HR Pro to Health Care Leader: Deborah Hillman Toll vows to help vulnerable people

By Alison Bailin Batz

After graduating from Eastern Illinois University in 1999, Deborah Hillman Toll moved to the Valley to begin what would become a legacy of leadership and giving back.

Initially, she worked with executives to build and execute human resources strategies. A significant project with a local chief executive officer early in her career proved to be a pivotal moment on Toll’s professional path.

“Serving as a trusted confidant during the project and working hard to achieve the strategic objectives led to being asked to move from human resources into a business role in the company, ultimately aligning my profession with my passion for serving my community,” says Toll, who continued that path for 15 years.

Today, as chief administrative officer at Mercy Care, Toll leads a team of individuals supporting its community reinvestment activities, community relations, strategic planning, marketing communications and the project management office.

“I am passionate about improving the health and wellness of the most vulnerable people in our community,” Toll says. “At Mercy Care, which provides access to physical and behavioral health care services for Medicaid-eligible families, children, seniors, and individuals with developmental disabilities, I am able to do just that.”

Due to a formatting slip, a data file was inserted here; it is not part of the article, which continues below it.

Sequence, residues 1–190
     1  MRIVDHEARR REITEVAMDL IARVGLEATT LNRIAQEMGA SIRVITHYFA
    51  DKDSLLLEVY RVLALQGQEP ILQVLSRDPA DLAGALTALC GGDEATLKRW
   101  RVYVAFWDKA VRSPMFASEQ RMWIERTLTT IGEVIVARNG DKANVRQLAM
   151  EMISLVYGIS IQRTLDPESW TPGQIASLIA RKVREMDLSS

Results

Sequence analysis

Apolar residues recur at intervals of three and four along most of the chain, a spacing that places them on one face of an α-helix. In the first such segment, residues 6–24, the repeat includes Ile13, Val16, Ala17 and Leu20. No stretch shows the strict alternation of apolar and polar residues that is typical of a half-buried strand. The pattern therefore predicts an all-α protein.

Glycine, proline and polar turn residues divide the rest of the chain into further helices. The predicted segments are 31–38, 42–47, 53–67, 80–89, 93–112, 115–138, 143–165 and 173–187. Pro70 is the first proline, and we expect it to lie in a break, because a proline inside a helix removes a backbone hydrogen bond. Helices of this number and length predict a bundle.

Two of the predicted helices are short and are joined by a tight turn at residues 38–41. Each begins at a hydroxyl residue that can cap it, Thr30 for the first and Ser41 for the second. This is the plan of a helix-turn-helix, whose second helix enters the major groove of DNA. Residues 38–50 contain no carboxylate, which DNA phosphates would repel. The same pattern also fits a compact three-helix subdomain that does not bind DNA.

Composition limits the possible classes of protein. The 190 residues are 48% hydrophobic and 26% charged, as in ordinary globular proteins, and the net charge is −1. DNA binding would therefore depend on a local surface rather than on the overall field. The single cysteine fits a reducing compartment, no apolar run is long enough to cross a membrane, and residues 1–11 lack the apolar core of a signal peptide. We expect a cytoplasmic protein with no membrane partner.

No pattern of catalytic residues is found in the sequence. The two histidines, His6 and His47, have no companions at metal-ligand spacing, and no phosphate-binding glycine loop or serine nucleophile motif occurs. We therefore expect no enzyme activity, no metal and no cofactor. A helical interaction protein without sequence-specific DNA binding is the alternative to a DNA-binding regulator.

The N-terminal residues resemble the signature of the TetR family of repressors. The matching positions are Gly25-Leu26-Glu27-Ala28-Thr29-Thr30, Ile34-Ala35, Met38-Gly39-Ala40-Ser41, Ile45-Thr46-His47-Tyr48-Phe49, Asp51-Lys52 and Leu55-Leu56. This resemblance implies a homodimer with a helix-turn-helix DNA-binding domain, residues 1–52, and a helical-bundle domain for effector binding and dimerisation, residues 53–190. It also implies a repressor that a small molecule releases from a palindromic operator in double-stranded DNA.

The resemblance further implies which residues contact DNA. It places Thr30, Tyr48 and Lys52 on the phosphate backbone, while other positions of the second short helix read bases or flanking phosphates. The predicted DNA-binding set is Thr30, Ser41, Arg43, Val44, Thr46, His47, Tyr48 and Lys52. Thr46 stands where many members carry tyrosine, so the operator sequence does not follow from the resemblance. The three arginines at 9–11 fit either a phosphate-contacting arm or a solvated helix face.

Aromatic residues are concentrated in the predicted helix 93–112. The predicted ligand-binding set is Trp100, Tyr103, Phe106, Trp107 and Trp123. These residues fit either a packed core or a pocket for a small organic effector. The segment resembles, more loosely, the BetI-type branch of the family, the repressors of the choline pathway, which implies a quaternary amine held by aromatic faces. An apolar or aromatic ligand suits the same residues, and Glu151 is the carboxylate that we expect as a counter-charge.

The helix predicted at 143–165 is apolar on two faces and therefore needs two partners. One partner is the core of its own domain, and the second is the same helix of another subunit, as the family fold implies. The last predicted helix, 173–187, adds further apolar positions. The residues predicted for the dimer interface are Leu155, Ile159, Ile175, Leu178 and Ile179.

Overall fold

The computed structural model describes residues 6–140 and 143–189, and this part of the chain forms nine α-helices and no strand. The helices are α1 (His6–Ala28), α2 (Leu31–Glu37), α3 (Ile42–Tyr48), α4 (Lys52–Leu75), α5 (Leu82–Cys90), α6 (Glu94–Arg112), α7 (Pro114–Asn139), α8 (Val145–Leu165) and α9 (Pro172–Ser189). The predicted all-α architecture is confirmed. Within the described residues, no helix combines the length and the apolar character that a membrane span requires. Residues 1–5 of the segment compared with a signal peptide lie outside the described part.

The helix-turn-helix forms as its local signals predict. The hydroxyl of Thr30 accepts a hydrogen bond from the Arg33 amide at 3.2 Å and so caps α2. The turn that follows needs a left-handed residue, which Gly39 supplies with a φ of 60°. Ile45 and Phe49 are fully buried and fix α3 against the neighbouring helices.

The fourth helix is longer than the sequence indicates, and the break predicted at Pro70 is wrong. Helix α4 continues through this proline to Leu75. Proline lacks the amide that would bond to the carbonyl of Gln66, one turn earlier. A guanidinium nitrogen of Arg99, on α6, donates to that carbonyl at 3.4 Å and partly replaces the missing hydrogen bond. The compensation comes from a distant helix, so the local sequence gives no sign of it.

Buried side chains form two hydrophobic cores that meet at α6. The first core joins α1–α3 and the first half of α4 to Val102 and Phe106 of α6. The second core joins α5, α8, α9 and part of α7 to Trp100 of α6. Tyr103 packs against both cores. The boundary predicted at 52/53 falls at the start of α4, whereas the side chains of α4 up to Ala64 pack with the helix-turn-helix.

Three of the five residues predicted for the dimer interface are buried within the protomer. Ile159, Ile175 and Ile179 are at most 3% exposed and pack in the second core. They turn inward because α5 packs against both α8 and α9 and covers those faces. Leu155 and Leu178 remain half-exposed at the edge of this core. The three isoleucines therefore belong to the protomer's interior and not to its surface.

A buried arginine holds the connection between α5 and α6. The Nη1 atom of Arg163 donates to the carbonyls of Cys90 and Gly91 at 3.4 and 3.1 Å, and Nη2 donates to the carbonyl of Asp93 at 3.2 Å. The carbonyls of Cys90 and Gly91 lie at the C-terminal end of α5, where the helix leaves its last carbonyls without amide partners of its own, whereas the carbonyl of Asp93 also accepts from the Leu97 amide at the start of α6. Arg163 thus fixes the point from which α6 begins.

Among those Toll and Mercy Care serves are members who are eligible for Medicare and Medicaid (AHCCCS).

“We do this through our dual-eligible special needs plan called Mercy Care Advantage,” Toll says.

She also serves as plan administrator for its contract with the Division of Developmental Disabilities (DDD), serving people with intellectual and developmental disabilities.

Within the community, notably she is a member of Dignity Health’s Community Benefit and Health Equity Committee and the Greater Phoenix Economic Council (GPEC) Health Innovation Committee.

A married mother of two, Toll joined the Arizona March of Dimes executive board in 2017 and became board chair in January. March of Dimes is a leader in the fight for the health of all moms and their babies.

“I joined the board to help improve maternal and child health outcomes in Arizona and to support women through pregnancy, especially when there are complications and loss,” Toll says. “I am honored to work alongside moms, families, advocates and Arizona business leaders to support the health of moms and babies.”

This year, Toll is eager to begin work on a collaboration with the March of Dimes, funded by a $35,000 grant from Mercy Care, focused on supportive pregnancy care (SPC).  SPC is an evidence-based, group prenatal care model that brings pregnant individuals together for prenatal care with their obstetric providers. SPC may be delivered in person or via telehealth.

Reports show that group prenatal care can reduce pre-term births by over 33% for participants of all races and ethnicities and more than 41% for Black participants. Ultimately, these improved health outcomes have the potential to save millions of dollars in U.S. health care costs by reducing pre-term birth rates and NICU admissions.